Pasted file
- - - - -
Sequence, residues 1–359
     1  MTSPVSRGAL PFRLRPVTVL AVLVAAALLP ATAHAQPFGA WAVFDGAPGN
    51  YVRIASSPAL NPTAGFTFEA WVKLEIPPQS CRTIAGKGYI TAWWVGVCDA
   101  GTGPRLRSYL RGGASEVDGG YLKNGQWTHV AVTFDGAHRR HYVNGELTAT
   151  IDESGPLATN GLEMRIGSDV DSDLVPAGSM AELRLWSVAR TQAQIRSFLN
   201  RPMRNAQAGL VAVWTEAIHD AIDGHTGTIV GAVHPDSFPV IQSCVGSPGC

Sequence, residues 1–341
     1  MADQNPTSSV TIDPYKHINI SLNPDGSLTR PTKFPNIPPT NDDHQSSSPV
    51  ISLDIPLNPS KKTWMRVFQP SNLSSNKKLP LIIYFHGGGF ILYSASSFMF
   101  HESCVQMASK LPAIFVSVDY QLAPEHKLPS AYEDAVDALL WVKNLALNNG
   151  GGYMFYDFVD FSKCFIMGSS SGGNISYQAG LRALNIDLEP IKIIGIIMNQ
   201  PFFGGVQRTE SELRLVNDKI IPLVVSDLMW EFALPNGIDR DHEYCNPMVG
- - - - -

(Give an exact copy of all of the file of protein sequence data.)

Sequence, residues 1–359
     1  MTSPVSRGAL PFRLRPVTVL AVLVAAALLP ATAHAQPFGA WAVFDGAPGN
    51  YVRIASSPAL NPTAGFTFEA WVKLEIPPQS CRTIAGKGYI TAWWVGVCDA
   101  GTGPRLRSYL RGGASEVDGG YLKNGQWTHV AVTFDGAHRR HYVNGELTAT
   151  IDESGPLATN GLEMRIGSDV DSDLVPAGSM AELRLWSVAR TQAQIRSFLN
   201  RPMRNAQAGL VAVWTEAIHD AIDGHTGTIV GAVHPDSFPV IQSCVGSPGC

Sequence, residues 1–341
     1  MADQNPTSSV TIDPYKHINI SLNPDGSLTR PTKFPNIPPT NDDHQSSSPV
    51  ISLDIPLNPS KKTWMRVFQP SNLSSNKKLP LIIYFHGGGF ILYSASSFMF
   101  HESCVQMASK LPAIFVSVDY QLAPEHKLPS AYEDAVDALL WVKNLALNNG
   151  GGYMFYDFVD FSKCFIMGSS SGGNISYQAG LRALNIDLEP IKIIGIIMNQ
   201  PFFGGVQRTE SELRLVNDKI IPLVVSDLMW EFALPNGIDR DHEYCNPMVG